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SYNOPSIS: From the creators of the intense duo The Wave and The Quake, The Burning Sea takes us to the Norwegian coast, where a dramatic oil spill threatens to cause devastation to the waters and land around it.

Despite the title, this film is actually very little about the literal burning sea and is more of an emotional feat, focusing more on the lengths we’d go to survive and what we’d do for the ones we love.

What did we expect? Huge explosions and fires as high as buildings? This isn’t directed by Michael Bay, after all. This is a more toned-down and emotional feat that favors this over Hollywood-style special effects and cheesy drama.

As with both The Wave and The Quake, The Burning Sea is another family-centric nail-biter. This time we follow Sofia (Kristine Kujath Thorp) as she makes the life-threatening decision to venture back to the location of the spill to save the man she loves, preventing his son from growing up without a father. What ensues is a supremely tense and gripping journey as Sofia rushes to make it back before the oil spill is set alight; the only option to prevent further destruction to Norway’s surrounding countries. I was just glad to see that this one left out poor Kristian Eikjord, because, by the end of The Quake, he’d really been through enough.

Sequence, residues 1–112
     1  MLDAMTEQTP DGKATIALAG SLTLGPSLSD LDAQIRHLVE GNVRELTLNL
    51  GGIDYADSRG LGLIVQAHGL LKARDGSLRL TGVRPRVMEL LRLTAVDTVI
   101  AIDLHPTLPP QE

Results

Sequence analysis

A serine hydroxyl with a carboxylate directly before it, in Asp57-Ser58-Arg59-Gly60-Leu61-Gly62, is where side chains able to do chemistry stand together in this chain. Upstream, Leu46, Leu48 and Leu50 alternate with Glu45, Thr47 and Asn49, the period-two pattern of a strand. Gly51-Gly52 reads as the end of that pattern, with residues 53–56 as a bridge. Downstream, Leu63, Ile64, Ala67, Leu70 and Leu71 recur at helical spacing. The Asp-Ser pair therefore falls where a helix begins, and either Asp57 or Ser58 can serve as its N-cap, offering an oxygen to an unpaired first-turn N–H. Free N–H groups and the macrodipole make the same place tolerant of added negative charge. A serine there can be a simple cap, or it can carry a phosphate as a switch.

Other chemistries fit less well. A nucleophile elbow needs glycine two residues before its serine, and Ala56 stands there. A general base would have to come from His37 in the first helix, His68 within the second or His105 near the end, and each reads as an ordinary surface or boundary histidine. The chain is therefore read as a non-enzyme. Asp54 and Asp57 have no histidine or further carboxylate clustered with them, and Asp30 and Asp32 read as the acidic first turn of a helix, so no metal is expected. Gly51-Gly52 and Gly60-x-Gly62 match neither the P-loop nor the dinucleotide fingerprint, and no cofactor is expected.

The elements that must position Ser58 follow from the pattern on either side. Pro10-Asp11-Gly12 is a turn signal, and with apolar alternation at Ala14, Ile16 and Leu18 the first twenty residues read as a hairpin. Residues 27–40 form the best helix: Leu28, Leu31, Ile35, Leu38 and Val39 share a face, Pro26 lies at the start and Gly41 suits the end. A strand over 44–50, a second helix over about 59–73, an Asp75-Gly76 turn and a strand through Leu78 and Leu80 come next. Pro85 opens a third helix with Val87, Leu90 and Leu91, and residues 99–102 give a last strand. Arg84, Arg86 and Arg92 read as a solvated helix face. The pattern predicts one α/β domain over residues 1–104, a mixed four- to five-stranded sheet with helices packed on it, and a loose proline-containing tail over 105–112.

Unlike The Wave and The Quake, though, this one is without that singular and dramatic piece of spectacle that was so impressive in the previous films. It is easy to say that this one pales in comparison in that respect, but even The Quake dipped in quality compared to The Wave. Nonetheless, there is still a great and concise story at this film’s center that will ensure you’ll get to the closing credits feeling mostly satisfied.

The Burning Sea matches the previous films’ pace and pervasive sense of threat thanks to another well-written script that is easy on the cliched dialogue. The score again does well to ramp up the drama and supports the on-screen action with some much-needed energy.

It’ll be easy to compare this to America’s oil-spill thrill-ride Deepwater Horizon but don’t worry, director John Andreas Andersen is well-aware you’ll be thinking that, so listen out for the obvious name-drop of the 2016 Mark Wahlberg-starrer. However, aside from the blatant thematic connection, that is where the similarities end. The Burning Sea opts for a strong female lead, which is always refreshing to see, but doesn’t focus too heavily on this. It feels extremely natural and understandable for Sofia to go rogue and attempt her own rescue mission; she has the ability after all.

The Burning Sea is a great piece of disaster filmmaking, that may not reach the action-packed heights that you usually expect from films like this, but is still a well-made, entertaining, and semi-unpredictable ride through Norwegian waters.


THE BURNING SEA is in theaters and On Demand now through Magnet Releasing and releases digitally in the UK on May 30 through Elysian Film Group Distribution.


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